Global Cervical Cancer


No woman has to die from cervical cancer. Today, the disease takes the lives of 265,000 women every year across the globe, and nearly 90 percent of those deaths occur in low- and middle-income countries.

With focused resources, we could eliminate death from cervical cancer worldwide.

We are working with the federal government to scale up the HPV vaccination rates and cervical cancer screening and treatment programs in developing countries, where they are needed most. 

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Without cervical cancer standing in her way, Grace could grow up to become a researcher.

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It's time to end cervical cancer deaths ... for good.

Latest Updates

Cancer Candor Blog
October 9, 2018

We have the opportunity to end deaths from cervical cancer. Through increasing access to preventive vaccinations and supporting diagnostic screening and testing which improve opportunities for the early detection and treatment of the disease, we can eliminate a cancer.

October 3, 2018

Last week, ACS CAN co-hosted an event to compliment the United Nations (UN) High Level Meeting on Noncommunicable Diseases (NCDs) in New York City to promote its recently launched global cervical cancer effort. The event brought together leading UN diplomats and public health leaders to launch a call to action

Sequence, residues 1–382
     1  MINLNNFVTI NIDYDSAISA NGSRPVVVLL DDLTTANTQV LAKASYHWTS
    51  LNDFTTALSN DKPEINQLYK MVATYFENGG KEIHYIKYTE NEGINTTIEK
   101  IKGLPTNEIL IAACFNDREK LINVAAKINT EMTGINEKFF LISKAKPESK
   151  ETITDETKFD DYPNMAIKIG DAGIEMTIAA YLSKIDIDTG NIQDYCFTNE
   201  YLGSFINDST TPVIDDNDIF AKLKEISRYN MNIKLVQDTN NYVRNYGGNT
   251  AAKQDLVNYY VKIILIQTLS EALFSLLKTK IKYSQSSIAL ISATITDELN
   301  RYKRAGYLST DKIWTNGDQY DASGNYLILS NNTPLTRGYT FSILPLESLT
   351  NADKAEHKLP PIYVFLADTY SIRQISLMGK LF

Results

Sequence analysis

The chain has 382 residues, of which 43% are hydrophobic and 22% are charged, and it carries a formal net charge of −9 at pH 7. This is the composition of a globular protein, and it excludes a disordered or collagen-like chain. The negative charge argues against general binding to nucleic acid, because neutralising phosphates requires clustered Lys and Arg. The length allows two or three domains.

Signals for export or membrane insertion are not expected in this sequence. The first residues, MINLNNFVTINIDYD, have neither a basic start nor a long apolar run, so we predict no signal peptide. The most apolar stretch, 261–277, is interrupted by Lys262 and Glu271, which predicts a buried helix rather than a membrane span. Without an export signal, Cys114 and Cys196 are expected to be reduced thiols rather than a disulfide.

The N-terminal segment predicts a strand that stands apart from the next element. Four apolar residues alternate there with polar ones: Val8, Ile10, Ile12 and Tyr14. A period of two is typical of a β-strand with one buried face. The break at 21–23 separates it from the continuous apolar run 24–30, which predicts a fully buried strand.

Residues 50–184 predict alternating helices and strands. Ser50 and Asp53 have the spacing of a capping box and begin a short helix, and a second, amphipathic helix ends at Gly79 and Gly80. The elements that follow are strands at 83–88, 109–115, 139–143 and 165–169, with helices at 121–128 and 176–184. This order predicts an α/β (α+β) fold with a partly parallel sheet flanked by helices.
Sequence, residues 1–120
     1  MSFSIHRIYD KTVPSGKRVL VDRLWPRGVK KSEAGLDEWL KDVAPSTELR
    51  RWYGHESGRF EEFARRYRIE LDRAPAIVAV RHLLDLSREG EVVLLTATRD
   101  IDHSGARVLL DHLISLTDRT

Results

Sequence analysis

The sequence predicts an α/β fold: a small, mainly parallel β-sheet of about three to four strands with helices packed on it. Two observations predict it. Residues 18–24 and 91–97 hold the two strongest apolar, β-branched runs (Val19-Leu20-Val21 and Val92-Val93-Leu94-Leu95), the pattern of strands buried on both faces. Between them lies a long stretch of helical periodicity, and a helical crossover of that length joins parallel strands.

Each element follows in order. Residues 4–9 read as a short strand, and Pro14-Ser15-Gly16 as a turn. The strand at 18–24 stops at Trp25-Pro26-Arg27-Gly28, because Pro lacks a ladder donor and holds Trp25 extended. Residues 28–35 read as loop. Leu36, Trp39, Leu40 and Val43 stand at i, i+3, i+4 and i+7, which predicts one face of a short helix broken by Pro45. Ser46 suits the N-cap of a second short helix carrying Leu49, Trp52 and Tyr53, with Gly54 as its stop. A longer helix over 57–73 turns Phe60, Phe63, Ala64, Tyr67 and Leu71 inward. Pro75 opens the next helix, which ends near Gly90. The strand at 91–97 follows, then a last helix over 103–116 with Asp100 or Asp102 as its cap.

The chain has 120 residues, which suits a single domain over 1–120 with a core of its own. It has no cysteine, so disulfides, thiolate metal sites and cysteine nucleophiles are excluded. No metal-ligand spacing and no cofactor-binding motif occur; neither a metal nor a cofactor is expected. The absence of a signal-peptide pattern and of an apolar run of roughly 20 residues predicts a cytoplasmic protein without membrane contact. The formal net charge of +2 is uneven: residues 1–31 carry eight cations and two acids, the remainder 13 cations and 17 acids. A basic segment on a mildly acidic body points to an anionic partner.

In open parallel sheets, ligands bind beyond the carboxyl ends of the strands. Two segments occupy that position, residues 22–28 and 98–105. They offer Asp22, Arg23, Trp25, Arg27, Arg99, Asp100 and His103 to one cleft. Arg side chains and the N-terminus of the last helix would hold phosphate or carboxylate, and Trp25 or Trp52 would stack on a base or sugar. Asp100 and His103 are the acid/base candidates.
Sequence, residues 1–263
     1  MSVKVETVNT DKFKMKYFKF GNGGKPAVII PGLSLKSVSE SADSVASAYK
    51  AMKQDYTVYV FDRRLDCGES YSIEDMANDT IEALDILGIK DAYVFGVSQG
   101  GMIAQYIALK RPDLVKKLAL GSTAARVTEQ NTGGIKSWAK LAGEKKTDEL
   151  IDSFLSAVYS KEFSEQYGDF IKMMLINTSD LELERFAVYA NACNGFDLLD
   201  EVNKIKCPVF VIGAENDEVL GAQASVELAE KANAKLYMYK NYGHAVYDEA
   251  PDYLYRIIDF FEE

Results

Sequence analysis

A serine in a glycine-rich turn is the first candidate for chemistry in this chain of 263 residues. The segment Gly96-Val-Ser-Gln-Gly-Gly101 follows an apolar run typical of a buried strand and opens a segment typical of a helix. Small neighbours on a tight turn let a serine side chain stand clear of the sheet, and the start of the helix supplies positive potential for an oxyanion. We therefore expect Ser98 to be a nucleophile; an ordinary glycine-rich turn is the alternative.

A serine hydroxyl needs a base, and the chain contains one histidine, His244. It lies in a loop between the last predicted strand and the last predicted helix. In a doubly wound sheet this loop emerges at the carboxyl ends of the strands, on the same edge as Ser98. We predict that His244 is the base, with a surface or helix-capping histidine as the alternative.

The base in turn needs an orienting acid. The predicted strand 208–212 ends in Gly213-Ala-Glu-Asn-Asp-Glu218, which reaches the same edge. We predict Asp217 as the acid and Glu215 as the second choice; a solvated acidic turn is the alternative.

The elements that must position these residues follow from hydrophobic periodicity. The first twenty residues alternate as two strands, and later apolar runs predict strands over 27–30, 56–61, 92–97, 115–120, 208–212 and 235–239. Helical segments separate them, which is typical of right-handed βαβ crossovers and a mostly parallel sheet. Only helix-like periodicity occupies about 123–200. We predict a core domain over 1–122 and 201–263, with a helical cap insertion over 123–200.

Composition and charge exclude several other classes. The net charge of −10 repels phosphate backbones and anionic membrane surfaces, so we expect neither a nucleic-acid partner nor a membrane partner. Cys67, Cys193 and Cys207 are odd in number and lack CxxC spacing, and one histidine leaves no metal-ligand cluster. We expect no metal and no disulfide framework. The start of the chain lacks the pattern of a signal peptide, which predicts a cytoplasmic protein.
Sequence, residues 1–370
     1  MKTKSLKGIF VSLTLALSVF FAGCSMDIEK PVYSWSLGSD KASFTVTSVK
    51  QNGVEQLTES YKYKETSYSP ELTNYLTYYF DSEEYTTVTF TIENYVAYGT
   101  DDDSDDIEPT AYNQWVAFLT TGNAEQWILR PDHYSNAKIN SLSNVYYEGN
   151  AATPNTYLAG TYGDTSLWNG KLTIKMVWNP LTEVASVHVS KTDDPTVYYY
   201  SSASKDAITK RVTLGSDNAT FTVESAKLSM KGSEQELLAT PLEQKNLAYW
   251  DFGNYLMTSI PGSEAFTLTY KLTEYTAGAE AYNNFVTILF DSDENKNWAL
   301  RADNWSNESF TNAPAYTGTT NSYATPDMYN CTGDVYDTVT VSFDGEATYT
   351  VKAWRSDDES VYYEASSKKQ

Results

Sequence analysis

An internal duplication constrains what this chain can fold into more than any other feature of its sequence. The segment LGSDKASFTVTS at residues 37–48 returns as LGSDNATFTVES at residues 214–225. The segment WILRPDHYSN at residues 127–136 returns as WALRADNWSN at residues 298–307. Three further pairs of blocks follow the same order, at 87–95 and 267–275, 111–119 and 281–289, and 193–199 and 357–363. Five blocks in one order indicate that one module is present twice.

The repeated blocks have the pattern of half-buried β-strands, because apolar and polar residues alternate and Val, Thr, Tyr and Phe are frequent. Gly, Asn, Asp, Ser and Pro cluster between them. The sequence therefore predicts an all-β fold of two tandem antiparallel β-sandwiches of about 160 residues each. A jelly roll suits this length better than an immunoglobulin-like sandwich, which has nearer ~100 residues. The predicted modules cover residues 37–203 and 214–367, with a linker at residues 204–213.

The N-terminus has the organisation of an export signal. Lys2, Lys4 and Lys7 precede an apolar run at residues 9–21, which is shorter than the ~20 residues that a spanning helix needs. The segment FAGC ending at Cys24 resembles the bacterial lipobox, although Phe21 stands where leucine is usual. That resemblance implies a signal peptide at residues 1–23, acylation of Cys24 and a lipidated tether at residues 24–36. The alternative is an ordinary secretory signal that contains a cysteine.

September 26, 2018

New York, NY – Key international stakeholders, diplomats and public health leaders will gather in New York City today to discuss ways to accelerate and collaborate on the global elimination of cervical cancer through vaccinations, screening, diagnostics and treatment. The meeting is hosted by the American Cancer Society (ACS), the

December 12, 2017

Virtually all cases of cervical cancer can be prevented or treated with the Human Papillomavirus (HPV) vaccine and early detection screenings. Yet, an estimated 266,000 women worldwide still die from cervical cancer every year. Women living in developing countries are hit particularly hard, with about 87% of deaths from cervical

Global Cervical Cancer Resources

Ninety percent of all cervical cancer deaths occur in low- and middle-income countries. Cervical cancer is the leading cause of cancer deaths among women in 38 of these countries, mainly in sub-Saharan Africa. 

Testimony Submitted to the Senate Committee on Appropriations, Subcommittee on State, Foreign Operations, and Related Programs, for Fiscal Year 2018 in support of a proposed statutory proviso that would encourage the Department of State and the U.S. Agency for International Development (USAID) to take steps toward eliminating cervical cancer deaths worldwide.

This factsheet provides information on the impact of cervical cancer around the world.